He could look forward to viewing Louisa’s fairylike beauty for many years of married life. Moreover, he could see by the behavior of the young dark sprite, Pauline, that the household was firmly but fairly run.

Chapter Six

The members of the Penrose household and their

“cousin” continued preparations for Louisa’s debut.

Ball gowns were duly completed and delivered from Madame Mirielle, and Anna finished decorating the ballroom of the Bruton Street manse.

“You’ve outdone yourself, Nan.” Dressed in his evening best for the occasion of Louisa’s ball, Quinn lifted his lorgnon and regarded the ballroom. Over two stories high, it ran the entire length of the back of the mansion and now contained a lavish display of flowers. Filled with the scent and freshness of springtime, the house gleamed.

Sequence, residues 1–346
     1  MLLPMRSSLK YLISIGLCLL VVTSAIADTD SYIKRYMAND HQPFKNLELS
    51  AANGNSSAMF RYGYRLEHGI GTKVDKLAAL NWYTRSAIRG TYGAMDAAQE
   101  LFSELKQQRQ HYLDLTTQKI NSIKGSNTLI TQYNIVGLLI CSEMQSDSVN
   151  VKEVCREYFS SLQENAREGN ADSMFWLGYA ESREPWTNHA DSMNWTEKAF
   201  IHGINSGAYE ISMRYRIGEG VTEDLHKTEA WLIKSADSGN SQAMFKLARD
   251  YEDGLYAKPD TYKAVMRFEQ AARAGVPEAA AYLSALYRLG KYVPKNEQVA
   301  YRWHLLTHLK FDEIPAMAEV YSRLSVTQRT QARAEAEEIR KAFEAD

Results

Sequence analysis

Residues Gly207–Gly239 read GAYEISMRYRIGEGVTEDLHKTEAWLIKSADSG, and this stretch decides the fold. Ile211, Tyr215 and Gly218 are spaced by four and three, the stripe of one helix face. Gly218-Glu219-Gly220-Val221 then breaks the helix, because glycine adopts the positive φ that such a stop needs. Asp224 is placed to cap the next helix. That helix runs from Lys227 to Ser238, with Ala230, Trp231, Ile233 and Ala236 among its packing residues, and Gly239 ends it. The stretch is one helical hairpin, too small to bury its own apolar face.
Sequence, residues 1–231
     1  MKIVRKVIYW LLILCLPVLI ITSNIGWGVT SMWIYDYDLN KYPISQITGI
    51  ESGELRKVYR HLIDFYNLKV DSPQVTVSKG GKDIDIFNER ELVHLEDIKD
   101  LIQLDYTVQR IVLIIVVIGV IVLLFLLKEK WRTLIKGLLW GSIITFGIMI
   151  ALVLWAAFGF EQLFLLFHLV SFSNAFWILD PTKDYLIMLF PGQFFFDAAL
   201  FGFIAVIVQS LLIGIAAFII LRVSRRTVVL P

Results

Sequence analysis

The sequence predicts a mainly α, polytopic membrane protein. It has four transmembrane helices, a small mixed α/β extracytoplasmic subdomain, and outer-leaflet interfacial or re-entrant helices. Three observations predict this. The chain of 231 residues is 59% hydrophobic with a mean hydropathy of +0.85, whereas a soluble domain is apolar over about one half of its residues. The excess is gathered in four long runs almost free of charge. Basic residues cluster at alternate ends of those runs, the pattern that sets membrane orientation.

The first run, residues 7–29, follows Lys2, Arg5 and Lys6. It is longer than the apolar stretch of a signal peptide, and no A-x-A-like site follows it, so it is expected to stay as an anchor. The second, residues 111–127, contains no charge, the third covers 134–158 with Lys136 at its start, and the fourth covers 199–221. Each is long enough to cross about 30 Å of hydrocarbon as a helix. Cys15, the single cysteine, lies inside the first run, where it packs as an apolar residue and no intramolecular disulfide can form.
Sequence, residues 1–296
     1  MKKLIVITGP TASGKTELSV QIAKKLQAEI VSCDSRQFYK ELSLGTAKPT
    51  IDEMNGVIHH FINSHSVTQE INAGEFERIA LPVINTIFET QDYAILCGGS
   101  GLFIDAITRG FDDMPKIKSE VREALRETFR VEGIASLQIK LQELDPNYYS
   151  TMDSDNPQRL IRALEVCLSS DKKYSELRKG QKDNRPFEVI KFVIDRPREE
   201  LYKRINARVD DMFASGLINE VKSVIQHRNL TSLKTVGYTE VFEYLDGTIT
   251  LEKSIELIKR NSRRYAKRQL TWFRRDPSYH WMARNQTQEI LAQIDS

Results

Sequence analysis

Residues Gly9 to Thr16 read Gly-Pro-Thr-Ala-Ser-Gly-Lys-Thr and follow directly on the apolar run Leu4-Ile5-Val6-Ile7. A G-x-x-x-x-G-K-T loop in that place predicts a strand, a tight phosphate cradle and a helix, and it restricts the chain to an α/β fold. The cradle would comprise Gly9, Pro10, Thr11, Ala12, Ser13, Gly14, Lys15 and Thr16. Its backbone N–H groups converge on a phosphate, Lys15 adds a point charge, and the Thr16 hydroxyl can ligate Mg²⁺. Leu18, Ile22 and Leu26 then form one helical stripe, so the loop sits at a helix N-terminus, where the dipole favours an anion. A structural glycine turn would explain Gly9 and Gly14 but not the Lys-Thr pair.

“It’s early in the social season, but we’ll set the standard tonight,” she said. “I want this ball to be forever in Lou’s memory.”

“Well, she’ll be a hit,” Quinn predicted. By eleven o’clock, he knew he’d been right. Although the throng overcrowded the ballroom and the drawing rooms, flowing outside onto the back terrace, guests still drove up to the double doors of the house, and were greeted as they entered by the Honorable Louisa Anna Michaela Penrose, and her parents, the baronet Sir Michael Penrose and his Lady, Anna. Quinn thought his sister might burst with pride as Louisa greeted the scores of lords and ladies with admirable aplomb. Truth to tell, he was also delighted with the chit.